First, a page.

A common sight all across our winter landscape is the sight of the Hyacinth beans/Dolichos lablab, in bloom. Traditionally, in the east, the seeds are sown at the end of July during the rainy season. By late November these welcoming sights are seen everywhere. Also known as Egyptian bean and Indian bean, these beans are an ancient legume crop. According to some websites the origin is tropical Africa and to some, it’s Asia.
It’s grown as a food crop throughout the tropics, for both human consumption and animal fodder. For us, the cooler season would be incomplete without including the Hyacinth beans in our diet. The photo above was taken in a village near a river where we had gone on a picnic in January.
Doesn’t the bloom remind you of a pea blossom? Both belong to the same family–Fabaceae. The typical fruit of these plants are called legumes. I caught the one above trailing off the trellis in my mother’s garden. I’ve read read that the vine is grown as an ornamental and the blooms attract butterflies and hummingbirds (in the US) but for us it’s too much of a food thing and usually grown in the back garden.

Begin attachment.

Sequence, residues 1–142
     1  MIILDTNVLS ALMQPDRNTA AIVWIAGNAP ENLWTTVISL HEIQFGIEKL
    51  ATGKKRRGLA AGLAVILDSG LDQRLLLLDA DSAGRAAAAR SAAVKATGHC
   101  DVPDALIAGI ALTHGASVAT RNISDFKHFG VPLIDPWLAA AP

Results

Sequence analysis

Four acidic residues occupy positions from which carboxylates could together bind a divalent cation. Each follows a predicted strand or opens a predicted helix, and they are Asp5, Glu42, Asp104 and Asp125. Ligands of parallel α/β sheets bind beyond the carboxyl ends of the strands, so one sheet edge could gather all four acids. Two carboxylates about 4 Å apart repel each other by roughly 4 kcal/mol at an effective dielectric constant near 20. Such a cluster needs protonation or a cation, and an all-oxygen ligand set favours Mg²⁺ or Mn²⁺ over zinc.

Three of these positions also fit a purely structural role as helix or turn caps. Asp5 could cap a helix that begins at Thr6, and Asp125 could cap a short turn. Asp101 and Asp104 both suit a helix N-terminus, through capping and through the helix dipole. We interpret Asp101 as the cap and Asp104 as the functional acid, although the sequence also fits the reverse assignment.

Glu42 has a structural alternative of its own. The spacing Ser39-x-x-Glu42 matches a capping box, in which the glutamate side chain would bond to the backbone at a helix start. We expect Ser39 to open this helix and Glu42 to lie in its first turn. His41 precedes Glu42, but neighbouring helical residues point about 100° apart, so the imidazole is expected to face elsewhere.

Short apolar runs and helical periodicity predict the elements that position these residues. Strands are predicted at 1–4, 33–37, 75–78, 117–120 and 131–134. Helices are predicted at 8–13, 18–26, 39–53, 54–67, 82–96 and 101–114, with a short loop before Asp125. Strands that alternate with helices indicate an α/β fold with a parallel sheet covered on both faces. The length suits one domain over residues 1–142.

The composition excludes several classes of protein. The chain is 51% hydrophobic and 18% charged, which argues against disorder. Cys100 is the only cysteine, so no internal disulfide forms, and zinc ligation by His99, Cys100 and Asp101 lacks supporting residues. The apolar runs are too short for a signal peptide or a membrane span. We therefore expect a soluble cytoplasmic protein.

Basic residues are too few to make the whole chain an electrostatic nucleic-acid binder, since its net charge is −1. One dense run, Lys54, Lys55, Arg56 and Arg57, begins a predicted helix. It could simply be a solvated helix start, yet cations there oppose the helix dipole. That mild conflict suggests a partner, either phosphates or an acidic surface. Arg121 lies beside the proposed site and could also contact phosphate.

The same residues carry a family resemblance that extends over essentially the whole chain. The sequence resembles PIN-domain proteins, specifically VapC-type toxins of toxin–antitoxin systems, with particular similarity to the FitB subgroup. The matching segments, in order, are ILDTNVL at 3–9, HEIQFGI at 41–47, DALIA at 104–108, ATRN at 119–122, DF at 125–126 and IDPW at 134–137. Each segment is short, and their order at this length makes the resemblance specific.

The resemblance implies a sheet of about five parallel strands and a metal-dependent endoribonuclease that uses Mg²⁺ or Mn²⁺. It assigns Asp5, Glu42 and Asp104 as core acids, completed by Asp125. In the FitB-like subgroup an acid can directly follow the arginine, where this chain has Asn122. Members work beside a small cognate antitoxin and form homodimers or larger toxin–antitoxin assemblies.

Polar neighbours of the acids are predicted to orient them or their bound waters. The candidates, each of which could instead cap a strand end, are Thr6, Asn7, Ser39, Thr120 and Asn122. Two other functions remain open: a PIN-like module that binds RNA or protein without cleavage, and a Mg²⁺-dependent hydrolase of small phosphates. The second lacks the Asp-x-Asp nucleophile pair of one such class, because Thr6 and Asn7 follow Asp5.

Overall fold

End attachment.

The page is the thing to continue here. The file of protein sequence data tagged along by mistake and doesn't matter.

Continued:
Although all parts of the plant is said to be edible we have the tender beans, sometimes the young leaves are cooked as a vegetable dish, and of course, the seeds. It’s only when I read up on the Hyacinth beans for this post, I came across the fact that the beans are poisonous if not cooked properly. This is due to high concentrations of cyanogenic glucosides present in the seeds. So the seeds need to be cooked in several changes of water. For someone who has had the beans year after year, this was news indeed!
Some varieties have white blooms. And the leaves are greener too! The vines threaten to spill over. They’re fast growing and generally trail off to adjoining support of any form if not trained or controlled. Ever since I thought about a bean post, I’ve been photographing the different varieties. Pictured below are some that are regularly sold in the markets.
A favourite bean dish of mine is to use all these ingredients with smoked pork and dry fish. A perfect way to have steaming hot rice on a winter day!
Although I’ve used serrated coriander for the garnish, the best garnish for recipes which include dry fish is the kind of basil pictured above. This photo was taken in September when my potted herb was blooming. It attracted a great deal of pollinators including this skipper, the Common Dart.
Our short-lived winter will soon be over. And as different vegetables will take over the season, the beans will be forgotten. Only to come back in its own time, some time in November, when these sights will be seen again all across the winter landscape.